New PCs are usually more vulnerable to Internet and e-mail attacks. Before you connect your new system to the Internet, make sure that it is adequately protected with a firewall and that all windows updates and patches have been downloaded and installed. If you're using a home DSL connection, then some basic firewall capabilities should allready be provided by your DSL router.
It would, however, be safer if you also had a software firewall installed, just in case. Software firewalls can also protect from malicious software that may be operating on your PC, by preventing or at least limiting the communications these spyware programs may have with the outside world (e.g. sending data with your passwords or credit card numbers). Windows XP do come with a built-in firewall, and you should make sure that it is enabled, until you are able to obtain a better firewall product. Before Service Pack 2, windows had was was called the "Internet Connection Firewall" which was renamed to "Windows Firewall" after SP2. Windows Firewall is a lot better than the Internet Connection Firewall, but it still only provides protection from inbound traffic, which means that it won't stop a spyware program from sending data about your activities to it's creator. So, what you really need is an inbound/outbound firewall such as ZoneAlarm Pro.
Even if you have a firewall, however, you are not completely home free. You can still be attacked by e-mail viruses or web pages that exploit security holes in web browsers. To be safe, it's better if you first install an anti-virus suite and download the latest virus updates, before you start surfing the web. Notice that you should first download all updates and then start surfing the web. If your virus definition database is not updated with the latest viruses, this means that you can get infected and your anti-virus program won't even know something is wrong! The same is true for Adware and Spyware. In fact, these programs are effectively viruses with a different function. Don't get confused and think that anti-virus programs can detect and remove them though. You need to have one, possibly two anti-spyware programs installed in order to be truly safe.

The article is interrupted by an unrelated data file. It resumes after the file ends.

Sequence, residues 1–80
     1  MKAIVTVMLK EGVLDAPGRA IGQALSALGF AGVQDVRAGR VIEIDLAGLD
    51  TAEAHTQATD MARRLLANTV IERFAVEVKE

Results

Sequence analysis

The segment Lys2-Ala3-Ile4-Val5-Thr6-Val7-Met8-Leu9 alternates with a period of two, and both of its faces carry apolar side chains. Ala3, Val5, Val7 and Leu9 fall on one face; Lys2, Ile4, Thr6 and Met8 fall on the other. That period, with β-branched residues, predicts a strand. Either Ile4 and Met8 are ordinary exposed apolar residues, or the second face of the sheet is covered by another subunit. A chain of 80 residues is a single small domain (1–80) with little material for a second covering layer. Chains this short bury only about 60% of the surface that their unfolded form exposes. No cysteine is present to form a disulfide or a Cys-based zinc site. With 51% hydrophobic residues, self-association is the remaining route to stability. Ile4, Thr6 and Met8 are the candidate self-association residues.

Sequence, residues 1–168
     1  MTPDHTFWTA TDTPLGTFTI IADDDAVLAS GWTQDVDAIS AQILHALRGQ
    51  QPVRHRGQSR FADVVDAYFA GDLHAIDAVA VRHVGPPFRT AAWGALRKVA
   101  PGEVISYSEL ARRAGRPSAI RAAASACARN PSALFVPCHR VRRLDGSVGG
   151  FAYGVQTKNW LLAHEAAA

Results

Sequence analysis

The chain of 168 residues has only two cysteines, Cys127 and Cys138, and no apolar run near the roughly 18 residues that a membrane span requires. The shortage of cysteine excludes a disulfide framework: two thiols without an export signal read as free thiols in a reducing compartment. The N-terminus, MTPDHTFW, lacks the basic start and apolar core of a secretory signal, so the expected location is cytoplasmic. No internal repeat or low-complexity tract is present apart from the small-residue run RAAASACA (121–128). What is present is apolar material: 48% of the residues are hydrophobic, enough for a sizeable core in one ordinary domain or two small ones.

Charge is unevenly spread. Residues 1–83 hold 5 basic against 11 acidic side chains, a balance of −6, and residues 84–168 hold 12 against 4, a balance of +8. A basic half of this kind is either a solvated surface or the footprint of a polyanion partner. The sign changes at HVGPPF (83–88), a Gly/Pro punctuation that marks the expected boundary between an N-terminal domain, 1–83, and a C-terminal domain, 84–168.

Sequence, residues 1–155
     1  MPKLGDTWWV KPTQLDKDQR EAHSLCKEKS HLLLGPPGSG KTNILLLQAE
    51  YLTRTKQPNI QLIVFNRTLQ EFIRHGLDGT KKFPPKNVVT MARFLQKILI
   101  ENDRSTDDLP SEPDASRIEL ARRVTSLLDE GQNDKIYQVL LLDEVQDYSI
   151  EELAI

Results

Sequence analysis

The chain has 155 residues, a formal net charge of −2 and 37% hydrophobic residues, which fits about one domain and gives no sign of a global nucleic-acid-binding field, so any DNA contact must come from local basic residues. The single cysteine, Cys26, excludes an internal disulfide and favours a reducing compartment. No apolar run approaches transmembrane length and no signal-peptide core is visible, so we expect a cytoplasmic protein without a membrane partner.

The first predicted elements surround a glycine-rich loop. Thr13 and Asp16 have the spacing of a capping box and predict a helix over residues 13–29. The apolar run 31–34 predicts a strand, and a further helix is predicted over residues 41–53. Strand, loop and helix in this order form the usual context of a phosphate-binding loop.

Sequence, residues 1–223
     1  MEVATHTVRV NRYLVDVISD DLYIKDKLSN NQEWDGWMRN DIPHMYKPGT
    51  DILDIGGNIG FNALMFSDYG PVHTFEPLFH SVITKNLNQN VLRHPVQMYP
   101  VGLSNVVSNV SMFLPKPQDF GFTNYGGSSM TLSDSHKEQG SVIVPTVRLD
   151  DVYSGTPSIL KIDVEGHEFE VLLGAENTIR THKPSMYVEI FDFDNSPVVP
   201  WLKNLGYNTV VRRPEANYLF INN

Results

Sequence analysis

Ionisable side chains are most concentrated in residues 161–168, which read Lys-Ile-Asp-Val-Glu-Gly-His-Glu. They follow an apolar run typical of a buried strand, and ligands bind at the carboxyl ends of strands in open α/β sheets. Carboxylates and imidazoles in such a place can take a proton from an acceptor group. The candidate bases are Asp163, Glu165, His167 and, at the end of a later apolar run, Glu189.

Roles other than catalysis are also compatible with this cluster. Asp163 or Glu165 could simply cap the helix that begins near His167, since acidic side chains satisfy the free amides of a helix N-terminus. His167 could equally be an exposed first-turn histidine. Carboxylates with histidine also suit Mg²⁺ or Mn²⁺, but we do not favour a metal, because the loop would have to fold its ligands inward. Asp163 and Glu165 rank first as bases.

Apart from using programs to protect your PC, there are some things you can do on your own. Windows XP allow two types of system access. Administrator access and limited access. System administrators can do pretty much everything to a PC. If you are infected with spyware, the spyware programs will run with administrator priviledges on the system. If on the other hand you access the system as a regular user (limited access) then spyware programs or viruses will only have limited access to your system. In fact, it may not even be possible for certain malicious programs to install themselves or other programs on your system, due to the limited access they will have. You can set up different user accounts from Control Panel - User Accounts. If limited system access causes problems for some of your applications, such as games, you can set these applications to run with the credentials of an administrators. Since you explicitly declare that on a per-application level, there is no danger of a spyware program or virus getting hold of administrator credentials. You can do this by right-clicking on the application's shortcut and selecting properties - advanced - run with different credentials. Bear in mind that you should do this on the application shortcut located on your desktop (so that changes will be local) and not on the application executable located in the program files folder. You should also use the system restore utility of Windows XP, to restore the system to a previous point of known safe functionality, should you get infected with viruses or malware and are unable to remove them.
As a final note, beware of naming conventions used by malware and viruses to try to fool you into opening and executing files. Unfortunately, windows tend to hide the extensions of known file types. So, if a file is named picture.jpg.exe windows will only show picture.jpg as a file name. While you might think that this is a JPEG picture and double-click on it to view the picture, this file is in fact an executable (.exe extension) which will run when you double click on it, and instead of a pretty picture, you get all the latest spyware on your PC. You might want to watch the icon next to file names, to make sure that it indeed corresponds to what the file claims to be (e.g. a picture) or disable the "hide extensions for known file types" options from the file manager.
Article Directory: http://www.articletrunk.com
James Hayes maintains the Anti Spyware Review page of InfoCastPortal
Please Rate this Article
Not yet Rated